Cancer seems to be affecting almost everyone these days. Whether you yourself fall victim to the disease, or a close friend or relative does, it seems that cancer is everywhere. With all of the many fundraisers and awareness campaigns for every different type of cancer, it may seem surprising that in 2016 we are no closer to curing cancer than we were 100 years ago.
This, however, is not due to a lack of interest or effort. In fact, it is a result of larger players manipulating the pharmaceutical industry, therefore impeding the elimination of diseases like cancer.
Unfortunately, there are some individuals, companies, and industries that simply profit too much from cancer. Taxpayer money alone accounts for $6 billion worth of research funds that goes to groups such as the National Cancer Institute. If one is diagnosed with cancer, it is likely that medical bills will be upwards of $10,000 per month for treatment. It is estimated that by 2020, the annual total cost of cancer treatments will reach $173 billion.
The big pharmaceutical companies profiting from this disease certainly have no incentive to find a cure anytime soon; they benefit from the overpriced drugs used in chemotherapy, as well as the various medicines that are given to cancer patients to address pain and other symptoms of chemotherapy and/or cancer.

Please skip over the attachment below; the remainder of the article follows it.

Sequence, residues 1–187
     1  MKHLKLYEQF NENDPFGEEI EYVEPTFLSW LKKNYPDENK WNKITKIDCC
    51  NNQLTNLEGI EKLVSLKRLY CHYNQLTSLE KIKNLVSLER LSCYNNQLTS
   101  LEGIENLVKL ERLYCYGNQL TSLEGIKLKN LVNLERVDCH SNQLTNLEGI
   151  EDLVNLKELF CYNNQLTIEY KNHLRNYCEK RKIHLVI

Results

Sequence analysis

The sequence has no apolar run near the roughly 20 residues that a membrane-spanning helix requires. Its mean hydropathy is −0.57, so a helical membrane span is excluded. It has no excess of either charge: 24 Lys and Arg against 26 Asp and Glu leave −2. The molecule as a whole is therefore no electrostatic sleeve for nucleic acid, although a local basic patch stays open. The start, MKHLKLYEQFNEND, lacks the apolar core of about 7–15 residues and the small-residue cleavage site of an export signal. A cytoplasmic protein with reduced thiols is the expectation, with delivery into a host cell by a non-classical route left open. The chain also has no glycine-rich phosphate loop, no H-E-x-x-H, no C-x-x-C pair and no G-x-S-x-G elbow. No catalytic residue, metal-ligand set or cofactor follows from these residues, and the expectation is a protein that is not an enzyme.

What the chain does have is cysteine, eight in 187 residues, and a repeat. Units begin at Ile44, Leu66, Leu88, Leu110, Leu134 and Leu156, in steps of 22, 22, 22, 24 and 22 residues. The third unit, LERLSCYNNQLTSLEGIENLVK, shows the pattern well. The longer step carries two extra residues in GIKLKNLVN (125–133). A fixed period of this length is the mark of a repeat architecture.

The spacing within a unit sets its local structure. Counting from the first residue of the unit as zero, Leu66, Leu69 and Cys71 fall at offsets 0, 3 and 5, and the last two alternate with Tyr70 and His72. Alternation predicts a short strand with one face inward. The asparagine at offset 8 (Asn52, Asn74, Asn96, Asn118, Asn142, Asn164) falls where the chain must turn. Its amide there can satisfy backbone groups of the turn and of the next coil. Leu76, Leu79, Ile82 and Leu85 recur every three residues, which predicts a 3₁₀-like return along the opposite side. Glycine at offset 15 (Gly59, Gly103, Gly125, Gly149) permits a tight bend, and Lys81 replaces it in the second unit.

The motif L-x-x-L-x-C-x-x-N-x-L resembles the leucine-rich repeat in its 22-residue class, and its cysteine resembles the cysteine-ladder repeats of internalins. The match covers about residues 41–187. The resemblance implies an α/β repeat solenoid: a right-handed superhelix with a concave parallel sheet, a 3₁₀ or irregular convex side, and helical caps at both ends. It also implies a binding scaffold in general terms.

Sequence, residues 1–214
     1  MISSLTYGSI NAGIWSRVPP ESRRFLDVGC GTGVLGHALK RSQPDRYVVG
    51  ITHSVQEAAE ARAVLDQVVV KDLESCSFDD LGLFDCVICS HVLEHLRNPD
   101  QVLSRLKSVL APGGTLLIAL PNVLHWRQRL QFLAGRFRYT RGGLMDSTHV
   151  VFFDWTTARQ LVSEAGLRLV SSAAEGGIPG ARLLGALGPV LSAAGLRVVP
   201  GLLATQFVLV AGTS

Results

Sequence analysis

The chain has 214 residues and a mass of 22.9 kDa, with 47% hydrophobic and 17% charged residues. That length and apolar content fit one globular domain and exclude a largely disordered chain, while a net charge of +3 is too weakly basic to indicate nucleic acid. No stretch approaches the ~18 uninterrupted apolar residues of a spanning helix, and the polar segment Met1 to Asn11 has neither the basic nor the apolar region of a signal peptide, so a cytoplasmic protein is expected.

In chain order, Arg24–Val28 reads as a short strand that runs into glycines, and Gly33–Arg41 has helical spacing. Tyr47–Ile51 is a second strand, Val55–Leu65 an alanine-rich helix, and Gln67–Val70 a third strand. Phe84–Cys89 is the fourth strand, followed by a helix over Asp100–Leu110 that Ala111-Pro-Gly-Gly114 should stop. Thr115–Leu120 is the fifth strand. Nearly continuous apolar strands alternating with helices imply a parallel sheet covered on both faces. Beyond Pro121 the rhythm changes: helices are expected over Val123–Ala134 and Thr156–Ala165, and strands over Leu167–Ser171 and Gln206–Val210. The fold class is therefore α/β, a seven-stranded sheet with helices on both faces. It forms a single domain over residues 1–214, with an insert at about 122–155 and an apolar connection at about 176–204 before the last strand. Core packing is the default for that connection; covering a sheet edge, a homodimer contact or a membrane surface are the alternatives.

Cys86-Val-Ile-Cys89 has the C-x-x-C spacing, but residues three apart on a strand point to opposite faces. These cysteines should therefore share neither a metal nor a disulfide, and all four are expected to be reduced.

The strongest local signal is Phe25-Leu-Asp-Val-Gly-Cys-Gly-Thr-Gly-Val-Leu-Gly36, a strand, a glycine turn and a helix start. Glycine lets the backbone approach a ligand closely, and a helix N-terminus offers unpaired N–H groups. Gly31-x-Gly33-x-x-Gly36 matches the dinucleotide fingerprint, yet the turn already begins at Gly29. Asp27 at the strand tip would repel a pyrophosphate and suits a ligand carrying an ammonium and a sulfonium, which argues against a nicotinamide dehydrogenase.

The outrageous costs do not even account for any additional treatments or “experimental” drugs that may be effective but are not covered by health insurance. Just one round of this type of treatment can cost thousands of dollars.
Although cancer treatment is getting more expensive, it does not seem to be improving in terms of efficacy. The average five-year survival rate for those diagnosed with cancer is just 65%. This means that over ⅓ of individuals diagnosed with cancer will live fewer than five years after initial diagnosis.
In addition, the rate of cancer occurrence is not decreasing: in the 1940’s only 1/16 people would be diagnosed with cancer, whereas today 1 out of every 3 people will be diagnosed with the disease at some point in their lives.
Avoiding a Cancer Diagnosis
Because we cannot count on the medical community to be looking out for our best interest, it is important to take care of yourself and hopefully avoid a cancer diagnosis altogether. To do this, it is very important to watch what you eat.
Although the general public still does not know exactly what causes cancer, there simply has to be some sort of correlation between what we eat (especially what we are fed in school, hospital, and government cafeterias) and what is in our environment that has caused cancer rates to skyrocket within the last 75 years.
Avoid processed and genetically modified foods as much as you can. Eat a wide variety of fruits and vegetables, which all contain beneficial antioxidants. Of course, do not smoke and limit your alcohol consumption.
Read success stories of others, exercise regularly and find ways to relax and de-stress. All of these factors will reduce your chances of falling victim to cancer and the big pharma machine.